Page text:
Prior to the outbreak of World War II, Poland was home to more than 3,000,000 Jews.
Ninety percent of Polish Jewry was annihilated in the Holocaust, and post-war Communist oppression caused many of Poland’s remaining Jews to flee. Those who stayed often had to hide their identities.
But since the downfall of the Iron Curtain, and Poland’s transformation into a democracy, an increasing number of Poles have begun to discover their families’ Jewish roots.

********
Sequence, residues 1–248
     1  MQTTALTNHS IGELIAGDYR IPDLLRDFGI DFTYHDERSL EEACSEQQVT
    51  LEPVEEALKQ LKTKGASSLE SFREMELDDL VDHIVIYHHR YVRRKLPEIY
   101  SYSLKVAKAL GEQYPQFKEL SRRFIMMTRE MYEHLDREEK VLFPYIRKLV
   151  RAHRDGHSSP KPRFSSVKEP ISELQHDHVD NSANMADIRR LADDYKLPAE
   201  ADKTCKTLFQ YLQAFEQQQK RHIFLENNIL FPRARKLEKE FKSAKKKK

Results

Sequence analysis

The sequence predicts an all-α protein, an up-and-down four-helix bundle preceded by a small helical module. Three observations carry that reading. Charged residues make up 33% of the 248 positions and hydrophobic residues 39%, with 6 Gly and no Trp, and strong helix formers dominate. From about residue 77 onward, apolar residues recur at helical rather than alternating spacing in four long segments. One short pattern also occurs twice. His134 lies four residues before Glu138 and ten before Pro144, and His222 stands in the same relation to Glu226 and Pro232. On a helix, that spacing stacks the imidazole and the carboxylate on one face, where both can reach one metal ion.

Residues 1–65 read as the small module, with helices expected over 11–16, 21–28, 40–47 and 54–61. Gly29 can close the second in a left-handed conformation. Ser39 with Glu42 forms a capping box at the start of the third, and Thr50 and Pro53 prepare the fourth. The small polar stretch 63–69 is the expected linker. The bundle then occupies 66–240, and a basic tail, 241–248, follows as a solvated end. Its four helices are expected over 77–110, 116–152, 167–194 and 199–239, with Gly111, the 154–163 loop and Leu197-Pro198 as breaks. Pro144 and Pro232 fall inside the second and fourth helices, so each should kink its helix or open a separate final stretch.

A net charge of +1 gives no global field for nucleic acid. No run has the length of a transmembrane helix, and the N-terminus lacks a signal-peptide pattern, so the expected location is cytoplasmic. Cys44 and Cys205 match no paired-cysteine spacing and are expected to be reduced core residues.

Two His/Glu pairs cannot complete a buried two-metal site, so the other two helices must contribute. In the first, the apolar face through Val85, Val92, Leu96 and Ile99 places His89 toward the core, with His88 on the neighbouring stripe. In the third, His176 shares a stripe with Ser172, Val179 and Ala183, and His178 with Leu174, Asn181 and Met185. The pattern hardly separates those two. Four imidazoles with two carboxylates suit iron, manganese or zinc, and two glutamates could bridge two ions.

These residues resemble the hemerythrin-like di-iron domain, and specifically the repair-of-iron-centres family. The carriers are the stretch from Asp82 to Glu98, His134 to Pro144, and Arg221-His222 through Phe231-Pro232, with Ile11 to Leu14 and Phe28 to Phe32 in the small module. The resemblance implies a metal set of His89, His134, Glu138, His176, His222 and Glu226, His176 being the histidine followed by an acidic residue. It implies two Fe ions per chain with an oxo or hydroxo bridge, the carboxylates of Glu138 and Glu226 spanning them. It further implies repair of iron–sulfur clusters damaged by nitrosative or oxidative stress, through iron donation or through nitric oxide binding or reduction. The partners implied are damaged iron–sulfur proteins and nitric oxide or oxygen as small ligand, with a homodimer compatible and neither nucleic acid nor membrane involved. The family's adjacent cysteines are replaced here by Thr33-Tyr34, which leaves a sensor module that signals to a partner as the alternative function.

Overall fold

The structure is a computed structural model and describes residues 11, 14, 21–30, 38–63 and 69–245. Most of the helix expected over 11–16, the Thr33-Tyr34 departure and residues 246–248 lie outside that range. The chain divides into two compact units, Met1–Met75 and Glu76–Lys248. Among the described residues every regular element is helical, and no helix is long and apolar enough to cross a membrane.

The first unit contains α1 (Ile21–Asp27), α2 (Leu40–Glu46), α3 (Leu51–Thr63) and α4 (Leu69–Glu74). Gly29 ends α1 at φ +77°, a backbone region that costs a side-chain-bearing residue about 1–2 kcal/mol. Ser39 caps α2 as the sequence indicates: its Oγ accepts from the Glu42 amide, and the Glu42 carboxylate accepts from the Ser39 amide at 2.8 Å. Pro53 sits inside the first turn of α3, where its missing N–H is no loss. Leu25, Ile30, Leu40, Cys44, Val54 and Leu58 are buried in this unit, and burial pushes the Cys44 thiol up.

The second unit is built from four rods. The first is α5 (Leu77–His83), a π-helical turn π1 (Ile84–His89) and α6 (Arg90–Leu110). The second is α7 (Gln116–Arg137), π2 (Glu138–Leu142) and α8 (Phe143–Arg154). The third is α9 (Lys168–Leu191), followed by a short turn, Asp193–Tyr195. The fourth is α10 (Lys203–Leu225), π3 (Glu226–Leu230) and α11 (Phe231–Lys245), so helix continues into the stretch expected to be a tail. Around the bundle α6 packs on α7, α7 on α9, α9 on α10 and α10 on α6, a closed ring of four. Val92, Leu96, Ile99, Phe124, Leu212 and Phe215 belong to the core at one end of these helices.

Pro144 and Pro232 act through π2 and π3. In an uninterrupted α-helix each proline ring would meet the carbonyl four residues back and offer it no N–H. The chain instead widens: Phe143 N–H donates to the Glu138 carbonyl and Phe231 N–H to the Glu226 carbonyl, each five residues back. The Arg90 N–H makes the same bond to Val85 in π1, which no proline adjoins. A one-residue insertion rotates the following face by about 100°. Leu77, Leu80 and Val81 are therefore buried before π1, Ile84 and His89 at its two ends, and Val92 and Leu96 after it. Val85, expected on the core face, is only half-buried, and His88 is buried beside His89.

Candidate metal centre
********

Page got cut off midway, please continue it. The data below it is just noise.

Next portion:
These include young people whose Jewish parents or grandparents were put up for adoption with Polish families and institutions in a desperate attempt to save them from the Nazi onslaught nearly seven decades ago.
Raised as Polish Catholics, many have only recently learned of their true Jewish identity, leading them to play an active role in rebuilding Jewish life.